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A Night at the Symphony

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By Linda Chen
Staff Writer

The symphony evokes notions of magnificent concert halls and brilliant music. I had not attended a symphony in a few years, and as I sank into the red velvet seats of Davies Symphony Hall to hear the San Francisco Symphony present the Norwegian classic Peer Gynt, I assumed nothing had changed over the years. How pleasantly wrong I was.

A hybrid of classical performing arts and modern technology, Peer Gynt, based on the play written by Henrik Ibsen and with selections of music by Edvard Grieg, Alfred Schnittke and Robin Holloway, is an example of the San Francisco Symphony’s newest innovation, the “semi-staged” symphony. The stage comes alive with a production that is two parts music, one part theater — with a helping of choir, a dash of opera and video projections.

It may seem busy on paper, but all the elements drive toward a single goal: to tell a story, even if that means moments of pure dialogue and other moments of pure music to move the plot along.

However, it is the multimedia experience that I found the most satisfying in this production. The highlight of the night was a scene in which Peer Gynt encounters the Troll King, after having seduced the troll princess.  The melody “In the Hall of the Mountain King” plays, as the choir shouts death threats at Peer Gynt.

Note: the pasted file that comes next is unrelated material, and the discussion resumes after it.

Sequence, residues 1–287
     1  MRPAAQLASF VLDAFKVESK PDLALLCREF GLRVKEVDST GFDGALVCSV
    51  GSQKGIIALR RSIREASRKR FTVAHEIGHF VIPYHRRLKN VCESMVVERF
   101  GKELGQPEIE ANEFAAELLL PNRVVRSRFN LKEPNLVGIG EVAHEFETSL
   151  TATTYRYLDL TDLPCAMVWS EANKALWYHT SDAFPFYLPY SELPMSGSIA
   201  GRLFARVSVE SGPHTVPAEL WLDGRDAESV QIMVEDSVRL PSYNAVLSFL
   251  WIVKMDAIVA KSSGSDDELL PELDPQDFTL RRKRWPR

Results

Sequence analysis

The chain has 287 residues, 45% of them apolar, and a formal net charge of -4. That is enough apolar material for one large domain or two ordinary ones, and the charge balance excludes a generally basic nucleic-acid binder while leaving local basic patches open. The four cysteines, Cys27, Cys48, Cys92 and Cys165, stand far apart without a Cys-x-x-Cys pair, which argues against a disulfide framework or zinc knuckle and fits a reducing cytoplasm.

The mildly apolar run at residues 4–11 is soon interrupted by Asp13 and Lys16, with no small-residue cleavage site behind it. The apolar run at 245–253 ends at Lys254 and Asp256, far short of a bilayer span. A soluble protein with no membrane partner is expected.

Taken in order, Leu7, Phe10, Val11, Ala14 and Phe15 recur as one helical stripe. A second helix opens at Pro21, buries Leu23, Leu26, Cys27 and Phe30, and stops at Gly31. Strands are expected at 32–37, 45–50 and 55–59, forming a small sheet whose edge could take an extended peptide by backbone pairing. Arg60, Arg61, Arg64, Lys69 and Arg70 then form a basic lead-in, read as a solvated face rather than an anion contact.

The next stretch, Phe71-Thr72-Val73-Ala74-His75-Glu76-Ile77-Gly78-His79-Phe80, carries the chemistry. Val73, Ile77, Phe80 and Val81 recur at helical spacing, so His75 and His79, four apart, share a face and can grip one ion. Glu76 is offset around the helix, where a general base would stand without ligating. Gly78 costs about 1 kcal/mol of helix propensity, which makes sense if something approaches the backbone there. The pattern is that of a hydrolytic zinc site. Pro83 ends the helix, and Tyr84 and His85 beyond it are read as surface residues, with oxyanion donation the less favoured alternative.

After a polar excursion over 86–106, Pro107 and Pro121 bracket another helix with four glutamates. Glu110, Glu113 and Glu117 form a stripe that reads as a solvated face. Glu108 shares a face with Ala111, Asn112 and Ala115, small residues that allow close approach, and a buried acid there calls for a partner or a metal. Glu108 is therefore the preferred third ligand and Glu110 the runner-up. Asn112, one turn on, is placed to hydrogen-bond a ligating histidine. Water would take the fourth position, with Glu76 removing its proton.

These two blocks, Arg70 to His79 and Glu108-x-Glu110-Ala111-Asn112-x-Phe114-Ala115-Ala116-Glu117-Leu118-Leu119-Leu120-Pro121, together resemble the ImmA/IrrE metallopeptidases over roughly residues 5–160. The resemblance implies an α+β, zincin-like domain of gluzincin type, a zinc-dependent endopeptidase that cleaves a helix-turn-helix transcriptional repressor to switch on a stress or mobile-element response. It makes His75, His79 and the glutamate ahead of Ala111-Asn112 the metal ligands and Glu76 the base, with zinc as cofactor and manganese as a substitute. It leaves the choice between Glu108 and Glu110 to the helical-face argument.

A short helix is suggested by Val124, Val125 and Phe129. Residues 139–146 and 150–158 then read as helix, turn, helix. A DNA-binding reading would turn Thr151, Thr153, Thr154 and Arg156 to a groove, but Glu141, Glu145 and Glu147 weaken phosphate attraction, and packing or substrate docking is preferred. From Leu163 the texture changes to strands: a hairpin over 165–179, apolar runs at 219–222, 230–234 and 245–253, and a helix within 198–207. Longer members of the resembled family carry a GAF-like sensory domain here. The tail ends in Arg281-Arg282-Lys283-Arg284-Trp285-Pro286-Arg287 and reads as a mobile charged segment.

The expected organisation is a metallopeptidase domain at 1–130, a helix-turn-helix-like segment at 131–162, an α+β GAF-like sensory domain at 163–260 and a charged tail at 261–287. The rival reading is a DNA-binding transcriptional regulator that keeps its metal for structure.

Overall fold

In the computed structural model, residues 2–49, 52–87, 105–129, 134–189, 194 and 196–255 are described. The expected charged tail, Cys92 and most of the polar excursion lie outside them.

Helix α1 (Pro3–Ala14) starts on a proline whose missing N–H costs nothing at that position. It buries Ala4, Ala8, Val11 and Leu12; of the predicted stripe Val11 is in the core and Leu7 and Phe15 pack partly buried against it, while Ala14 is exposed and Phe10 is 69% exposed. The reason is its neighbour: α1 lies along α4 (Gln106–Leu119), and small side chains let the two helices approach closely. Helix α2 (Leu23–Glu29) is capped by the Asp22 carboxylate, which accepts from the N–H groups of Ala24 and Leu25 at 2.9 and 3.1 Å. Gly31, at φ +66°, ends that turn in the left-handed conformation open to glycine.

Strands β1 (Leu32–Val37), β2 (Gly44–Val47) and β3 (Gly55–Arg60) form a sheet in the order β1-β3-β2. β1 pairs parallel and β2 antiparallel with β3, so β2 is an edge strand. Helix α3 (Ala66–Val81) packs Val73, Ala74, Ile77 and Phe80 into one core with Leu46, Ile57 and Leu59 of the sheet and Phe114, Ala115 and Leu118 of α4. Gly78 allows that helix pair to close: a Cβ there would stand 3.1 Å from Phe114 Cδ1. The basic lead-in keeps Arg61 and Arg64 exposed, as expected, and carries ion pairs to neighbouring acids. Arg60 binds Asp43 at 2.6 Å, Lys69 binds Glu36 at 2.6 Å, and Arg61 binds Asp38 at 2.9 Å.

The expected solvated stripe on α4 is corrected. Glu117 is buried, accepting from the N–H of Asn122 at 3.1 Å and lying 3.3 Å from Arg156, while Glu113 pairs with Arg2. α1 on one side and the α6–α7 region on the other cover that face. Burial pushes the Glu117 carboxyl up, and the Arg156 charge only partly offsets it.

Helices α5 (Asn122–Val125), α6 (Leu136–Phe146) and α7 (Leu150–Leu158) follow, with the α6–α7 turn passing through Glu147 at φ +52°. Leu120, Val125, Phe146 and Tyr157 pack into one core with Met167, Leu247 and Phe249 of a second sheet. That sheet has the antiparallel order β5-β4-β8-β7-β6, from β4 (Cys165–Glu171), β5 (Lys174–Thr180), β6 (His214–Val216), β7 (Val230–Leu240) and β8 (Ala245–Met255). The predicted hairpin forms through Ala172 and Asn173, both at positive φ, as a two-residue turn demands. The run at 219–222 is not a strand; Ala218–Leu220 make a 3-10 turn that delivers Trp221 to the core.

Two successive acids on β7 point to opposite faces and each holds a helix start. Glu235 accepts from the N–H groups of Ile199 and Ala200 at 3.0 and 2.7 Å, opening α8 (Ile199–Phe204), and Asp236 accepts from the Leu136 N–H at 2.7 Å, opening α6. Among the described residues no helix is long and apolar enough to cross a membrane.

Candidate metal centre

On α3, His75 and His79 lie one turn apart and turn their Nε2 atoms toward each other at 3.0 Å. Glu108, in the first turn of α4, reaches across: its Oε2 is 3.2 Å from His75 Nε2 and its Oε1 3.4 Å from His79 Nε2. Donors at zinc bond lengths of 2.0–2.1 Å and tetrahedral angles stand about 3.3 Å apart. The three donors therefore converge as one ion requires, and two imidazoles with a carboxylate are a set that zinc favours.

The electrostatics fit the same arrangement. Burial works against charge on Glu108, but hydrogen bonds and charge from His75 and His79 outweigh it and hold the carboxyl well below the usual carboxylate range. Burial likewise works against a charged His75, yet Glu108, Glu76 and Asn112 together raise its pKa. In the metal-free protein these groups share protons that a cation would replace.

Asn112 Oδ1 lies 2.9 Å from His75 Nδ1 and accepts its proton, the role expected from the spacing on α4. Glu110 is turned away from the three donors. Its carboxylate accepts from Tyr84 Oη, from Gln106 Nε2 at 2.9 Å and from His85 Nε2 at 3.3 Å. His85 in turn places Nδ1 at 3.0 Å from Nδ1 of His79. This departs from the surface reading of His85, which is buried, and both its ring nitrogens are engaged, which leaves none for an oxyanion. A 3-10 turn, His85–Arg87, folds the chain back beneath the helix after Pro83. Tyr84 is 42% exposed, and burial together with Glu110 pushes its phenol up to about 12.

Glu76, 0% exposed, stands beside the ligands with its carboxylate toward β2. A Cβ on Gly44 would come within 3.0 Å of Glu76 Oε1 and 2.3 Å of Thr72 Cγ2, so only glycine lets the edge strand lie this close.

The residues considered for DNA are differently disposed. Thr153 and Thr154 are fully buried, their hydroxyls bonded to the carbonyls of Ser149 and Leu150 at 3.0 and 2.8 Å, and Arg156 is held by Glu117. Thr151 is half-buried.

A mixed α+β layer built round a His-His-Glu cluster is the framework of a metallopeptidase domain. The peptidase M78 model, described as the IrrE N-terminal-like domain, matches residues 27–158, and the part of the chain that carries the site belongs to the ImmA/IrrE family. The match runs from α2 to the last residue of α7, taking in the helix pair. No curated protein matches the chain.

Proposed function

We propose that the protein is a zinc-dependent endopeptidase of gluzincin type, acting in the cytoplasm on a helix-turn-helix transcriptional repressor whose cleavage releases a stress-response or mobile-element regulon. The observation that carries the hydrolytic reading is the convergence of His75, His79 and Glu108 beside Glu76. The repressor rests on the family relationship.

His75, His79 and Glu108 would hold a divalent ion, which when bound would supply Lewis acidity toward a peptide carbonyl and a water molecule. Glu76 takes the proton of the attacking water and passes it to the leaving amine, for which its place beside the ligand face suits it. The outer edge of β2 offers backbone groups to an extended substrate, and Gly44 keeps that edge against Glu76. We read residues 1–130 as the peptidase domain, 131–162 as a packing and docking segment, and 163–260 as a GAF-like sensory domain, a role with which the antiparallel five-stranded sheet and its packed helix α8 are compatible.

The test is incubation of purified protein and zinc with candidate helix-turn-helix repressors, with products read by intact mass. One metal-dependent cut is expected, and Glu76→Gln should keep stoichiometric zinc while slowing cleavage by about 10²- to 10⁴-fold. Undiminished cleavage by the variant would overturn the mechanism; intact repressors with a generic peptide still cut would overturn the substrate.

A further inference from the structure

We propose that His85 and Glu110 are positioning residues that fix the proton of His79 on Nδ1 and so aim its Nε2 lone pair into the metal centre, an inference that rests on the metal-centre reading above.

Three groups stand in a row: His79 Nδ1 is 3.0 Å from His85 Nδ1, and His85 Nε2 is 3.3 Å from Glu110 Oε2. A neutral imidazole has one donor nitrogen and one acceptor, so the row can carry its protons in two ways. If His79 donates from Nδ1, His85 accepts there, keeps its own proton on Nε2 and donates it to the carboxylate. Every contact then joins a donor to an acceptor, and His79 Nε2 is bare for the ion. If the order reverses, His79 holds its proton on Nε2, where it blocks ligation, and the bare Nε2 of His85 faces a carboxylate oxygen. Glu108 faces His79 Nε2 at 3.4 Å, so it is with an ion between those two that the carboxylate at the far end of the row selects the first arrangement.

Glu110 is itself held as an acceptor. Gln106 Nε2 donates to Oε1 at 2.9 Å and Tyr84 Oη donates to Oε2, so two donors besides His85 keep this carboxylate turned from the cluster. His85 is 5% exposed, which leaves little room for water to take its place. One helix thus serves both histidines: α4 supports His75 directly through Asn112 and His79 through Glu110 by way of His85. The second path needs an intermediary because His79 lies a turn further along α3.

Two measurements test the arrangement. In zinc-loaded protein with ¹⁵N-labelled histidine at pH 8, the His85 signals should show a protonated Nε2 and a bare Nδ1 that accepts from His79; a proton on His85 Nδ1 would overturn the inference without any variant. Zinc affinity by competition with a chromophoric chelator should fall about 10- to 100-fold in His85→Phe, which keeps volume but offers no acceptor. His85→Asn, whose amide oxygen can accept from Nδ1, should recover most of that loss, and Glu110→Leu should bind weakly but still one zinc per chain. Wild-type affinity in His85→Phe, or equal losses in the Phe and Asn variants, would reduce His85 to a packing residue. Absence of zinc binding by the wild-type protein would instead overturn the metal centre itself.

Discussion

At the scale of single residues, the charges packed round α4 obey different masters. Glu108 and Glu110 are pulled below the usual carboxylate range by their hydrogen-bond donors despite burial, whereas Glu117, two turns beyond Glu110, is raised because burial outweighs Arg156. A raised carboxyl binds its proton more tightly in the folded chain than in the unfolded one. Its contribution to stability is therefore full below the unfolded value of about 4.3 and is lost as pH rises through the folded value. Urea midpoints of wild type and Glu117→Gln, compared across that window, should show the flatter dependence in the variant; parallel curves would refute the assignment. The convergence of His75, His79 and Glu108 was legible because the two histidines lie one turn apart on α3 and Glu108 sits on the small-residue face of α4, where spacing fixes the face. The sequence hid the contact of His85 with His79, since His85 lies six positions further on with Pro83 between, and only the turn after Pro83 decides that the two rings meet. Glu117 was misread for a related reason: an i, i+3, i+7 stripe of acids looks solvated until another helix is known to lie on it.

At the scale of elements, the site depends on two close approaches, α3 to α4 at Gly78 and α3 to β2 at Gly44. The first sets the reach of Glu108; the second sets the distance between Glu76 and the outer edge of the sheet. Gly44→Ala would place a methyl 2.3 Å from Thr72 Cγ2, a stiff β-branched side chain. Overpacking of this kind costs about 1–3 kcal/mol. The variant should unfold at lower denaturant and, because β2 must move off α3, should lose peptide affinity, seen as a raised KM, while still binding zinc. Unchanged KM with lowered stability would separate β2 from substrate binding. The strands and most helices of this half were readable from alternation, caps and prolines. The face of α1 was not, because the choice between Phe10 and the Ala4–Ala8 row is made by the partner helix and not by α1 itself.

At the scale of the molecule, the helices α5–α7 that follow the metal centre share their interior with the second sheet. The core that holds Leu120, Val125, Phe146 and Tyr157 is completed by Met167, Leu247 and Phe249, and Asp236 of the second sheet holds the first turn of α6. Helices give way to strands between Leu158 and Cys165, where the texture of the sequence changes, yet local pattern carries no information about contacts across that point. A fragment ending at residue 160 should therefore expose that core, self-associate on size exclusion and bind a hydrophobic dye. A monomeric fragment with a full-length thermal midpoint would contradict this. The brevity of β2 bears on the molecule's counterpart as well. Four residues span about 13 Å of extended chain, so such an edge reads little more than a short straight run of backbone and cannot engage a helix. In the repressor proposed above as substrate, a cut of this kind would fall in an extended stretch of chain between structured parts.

While the transitions between scenes and the different types of media were surprising at times, they were never jarring. The theatrical transitions were charming in their transparency. Without the luxury of a stage blackout to change scenes, the actors strolled onto the stage with their props as if it were perfectly natural for the character to do so.

Those who love the music need not fear; the symphony still very much dominates the show and the stage. Those who love theater will enjoy how the actors compensate for lack of stage space by working outside the center stage, in the aisles and the balcony.

Even if you have never thought of attending the symphony, these semi-staged productions are a great gateway into classical music.

Unfortunately, the Symphony has ended its run of Peer Gynt, and the next semi-staged performance is not scheduled until June. But it’s never too early to plan an evening at the symphony. Check ticket sales and student discounts at www.sfsymphony.org.

Watch the video of San Francisco Symphony Music Director Michael Tilson Thomas discussing the music for Peer Gynt.

Linda Chen is a first-year pharmacy student.

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